It’s good to point out the moments of complete buffoonery that we see from our leaders.

My favorite kind of pie—hands down, apple pie. In fact, when I first moved to America, I gained too much Trevor weight because in South Africa, it’s not common that you just find apple pie. So my rule—my cheat thing in life was, if there’s an apple pie on the menu, I always order it. So, in South Africa that meant, like, one in every 20 times that I would eat out there would be apple pie. In America, I quickly learned it meant that at every single meal, I could consume apple pie. So I had to cut down. But that’s still easily my favorite pie.

The second question that the kids asked me to ask you—they’re of the generation where they watch a lot of stuff on YouTube. And I think they think you’re a YouTuber. They see your show in segments. So, my stepdaughter said, “He’s got a lot of really funny videos about Trump, so ask him his personal opinion of Trump.” That’s interesting. My personal opinion of Trump? I think Donald Trump is a simple yet complicated person. He’s a very smart entertainer who knows how to engage in the right triggers to get people to feel a certain way. I don’t think he’s a very good policymaker. I also think he’s someone who is very good at exploiting people’s hatred toward each other. And he knows how to mobilize that. All politicians have a different tool that they use, and, in many ways, the reason Obama won is that he figured out how to stimulate everybody’s hope


Plastic is everywhere. From toothbrushes to yogurt cups, diapers to disposable razors and more; there is hardly a product out there today that isn’t made of plastic or wrapped in plastic. So what exactly is plastic and how is it made?

The hisTory

The word plastic is derived from the ancient Greek word plastikos, meaning “moldable.” The earliest uses of plastic date back 3,500 years ago. The Olmecs of Mexico used the sap from gum trees to create latex balls used in mesoamerican sports. In the 19th and 20th centuries, synthetic plastics were born from inventors like Alexander Parkes, who invented Celluloid and Leo Baekeland who invented Bakelite.

The impacT

Although plastic production didn’t take off until the 1950s, today’s global plastic production has reached 9.2 billion tons of plastic. Most of the plastic products made today end up in the trash. Single-use plastics constitute about 40% of all plastic waste. Plastic products can also end up in our environment as litter. Scientists predict that by the year 2050, plastic waste will outnumber fish in our oceans. Plastic doesn’t decompose, but instead breaks up into tiny pieces called microplastics. These microplastics are getting into our waterways and bioaccumulating in our ecosystems, damaging natural habitats, threatening wildlife, and polluting communities.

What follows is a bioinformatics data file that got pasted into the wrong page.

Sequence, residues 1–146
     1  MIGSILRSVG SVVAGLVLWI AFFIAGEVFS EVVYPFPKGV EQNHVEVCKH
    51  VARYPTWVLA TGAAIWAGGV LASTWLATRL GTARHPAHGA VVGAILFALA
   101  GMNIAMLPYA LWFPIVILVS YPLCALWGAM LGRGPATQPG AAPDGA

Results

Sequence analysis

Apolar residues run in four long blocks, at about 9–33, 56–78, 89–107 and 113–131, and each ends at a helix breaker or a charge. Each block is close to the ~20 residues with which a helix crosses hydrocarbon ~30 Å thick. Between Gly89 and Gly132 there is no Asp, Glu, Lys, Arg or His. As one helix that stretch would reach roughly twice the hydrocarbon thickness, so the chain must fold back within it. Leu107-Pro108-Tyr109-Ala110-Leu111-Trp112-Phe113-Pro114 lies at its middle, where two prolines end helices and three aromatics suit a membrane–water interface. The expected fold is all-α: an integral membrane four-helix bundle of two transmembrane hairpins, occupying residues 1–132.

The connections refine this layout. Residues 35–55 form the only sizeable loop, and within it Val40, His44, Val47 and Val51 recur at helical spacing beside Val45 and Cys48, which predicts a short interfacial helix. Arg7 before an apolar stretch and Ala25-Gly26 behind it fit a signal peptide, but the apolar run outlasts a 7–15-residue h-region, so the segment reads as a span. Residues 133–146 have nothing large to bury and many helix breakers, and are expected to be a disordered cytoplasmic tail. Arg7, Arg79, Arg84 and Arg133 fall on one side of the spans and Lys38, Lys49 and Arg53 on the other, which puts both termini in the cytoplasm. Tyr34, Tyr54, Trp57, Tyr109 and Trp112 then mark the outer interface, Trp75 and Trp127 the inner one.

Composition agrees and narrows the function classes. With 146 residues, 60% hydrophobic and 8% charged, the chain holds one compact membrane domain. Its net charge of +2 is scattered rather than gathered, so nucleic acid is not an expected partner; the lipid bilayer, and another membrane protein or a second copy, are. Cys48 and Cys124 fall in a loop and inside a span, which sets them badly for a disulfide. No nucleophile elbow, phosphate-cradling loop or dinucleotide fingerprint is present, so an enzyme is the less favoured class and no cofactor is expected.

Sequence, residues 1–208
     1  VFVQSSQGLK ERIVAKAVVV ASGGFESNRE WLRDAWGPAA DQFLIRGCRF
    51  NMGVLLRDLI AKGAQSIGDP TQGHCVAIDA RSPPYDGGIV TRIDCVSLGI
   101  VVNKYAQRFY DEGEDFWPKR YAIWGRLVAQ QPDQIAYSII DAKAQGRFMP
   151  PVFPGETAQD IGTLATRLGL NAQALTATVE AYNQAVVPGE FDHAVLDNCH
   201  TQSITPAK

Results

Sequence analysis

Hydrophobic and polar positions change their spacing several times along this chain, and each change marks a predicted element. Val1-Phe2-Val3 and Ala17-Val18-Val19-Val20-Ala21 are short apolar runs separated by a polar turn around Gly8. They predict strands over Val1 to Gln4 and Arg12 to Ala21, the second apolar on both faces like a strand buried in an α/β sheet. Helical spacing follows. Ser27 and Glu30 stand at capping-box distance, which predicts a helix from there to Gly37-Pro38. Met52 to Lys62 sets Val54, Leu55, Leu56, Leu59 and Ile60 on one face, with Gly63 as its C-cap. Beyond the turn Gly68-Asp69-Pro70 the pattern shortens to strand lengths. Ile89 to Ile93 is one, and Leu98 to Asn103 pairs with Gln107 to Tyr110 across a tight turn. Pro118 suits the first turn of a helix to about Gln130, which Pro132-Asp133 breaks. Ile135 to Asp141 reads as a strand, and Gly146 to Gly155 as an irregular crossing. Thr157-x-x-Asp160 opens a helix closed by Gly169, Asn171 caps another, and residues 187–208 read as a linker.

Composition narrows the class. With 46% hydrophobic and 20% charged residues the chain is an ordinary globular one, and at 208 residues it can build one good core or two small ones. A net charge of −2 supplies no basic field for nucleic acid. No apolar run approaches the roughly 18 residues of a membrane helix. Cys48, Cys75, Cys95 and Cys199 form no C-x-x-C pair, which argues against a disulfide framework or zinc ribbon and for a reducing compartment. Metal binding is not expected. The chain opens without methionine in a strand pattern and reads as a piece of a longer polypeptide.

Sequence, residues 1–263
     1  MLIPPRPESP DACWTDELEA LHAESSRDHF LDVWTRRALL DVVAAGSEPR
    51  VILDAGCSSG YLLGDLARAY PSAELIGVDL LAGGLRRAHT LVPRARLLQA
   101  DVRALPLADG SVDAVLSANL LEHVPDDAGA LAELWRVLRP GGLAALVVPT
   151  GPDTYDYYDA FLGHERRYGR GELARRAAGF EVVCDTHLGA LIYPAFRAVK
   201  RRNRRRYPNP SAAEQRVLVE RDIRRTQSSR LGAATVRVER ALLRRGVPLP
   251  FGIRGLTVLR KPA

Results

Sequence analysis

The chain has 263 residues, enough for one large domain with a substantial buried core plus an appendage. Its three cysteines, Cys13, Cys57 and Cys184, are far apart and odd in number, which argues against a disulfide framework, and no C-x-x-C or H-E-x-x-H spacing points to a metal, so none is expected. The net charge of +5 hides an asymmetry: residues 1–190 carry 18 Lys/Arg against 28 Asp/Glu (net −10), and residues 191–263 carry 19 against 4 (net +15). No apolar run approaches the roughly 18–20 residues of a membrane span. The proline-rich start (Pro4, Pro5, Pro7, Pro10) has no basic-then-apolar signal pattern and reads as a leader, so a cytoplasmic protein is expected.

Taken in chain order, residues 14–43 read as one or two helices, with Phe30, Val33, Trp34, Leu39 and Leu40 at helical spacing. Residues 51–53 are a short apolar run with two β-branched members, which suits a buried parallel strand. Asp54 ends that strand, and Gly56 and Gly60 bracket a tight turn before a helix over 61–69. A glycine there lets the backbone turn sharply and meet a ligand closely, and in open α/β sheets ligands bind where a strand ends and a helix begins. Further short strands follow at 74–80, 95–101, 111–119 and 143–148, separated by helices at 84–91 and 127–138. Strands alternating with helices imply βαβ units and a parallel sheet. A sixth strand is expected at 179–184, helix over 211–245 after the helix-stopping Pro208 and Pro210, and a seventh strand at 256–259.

The soluTion

Simple steps lead to positive change! Join Keep Truckee Meadows Beautiful this Plastic Free July by reducing your reliance on plastic. You can start by bringing your own cup to Artown to refuse single-use plastic water bottles. Reduce plastic products you could not refuse by shopping bulk to avoid excess plastic found in packaging. Don’t forget to take your own reusable shopping bag to the grocery store. Finally, make sure you are recycling right. Only recycle plastic tubs, jars, and bottles and remember not to bag your recyclables on collection day. You can take your plastic bags back to a grocery store near you. Visit www.ktmb.org/ recycle for more information on proper disposal of unwanted items.

That’s awesome. Thanks for the time. Thank you so much. And say what’s up to the kids for me. I appreciate the questions. Ω

Trevor Noah performs at the Lake Tahoe Outdoor Arena at Harveys Lake Tahoe, 18 U.S. 50, Stateline, on July 5 at 8 p.m. For tickets or more information, visit apeconcerts.com/ events/trevor-noah-loud-clear-tour

Source: National Geographic. Plastics 101. Producer/Narrator by Angeli Gabriel. Funded in part by the Washoe County Health District

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Jessica Heitt (right) tells the crowd gathered for Oxbow After Dark about beavers, using “Cornelius,” the study area’s stuffed and mounted beaver mascot.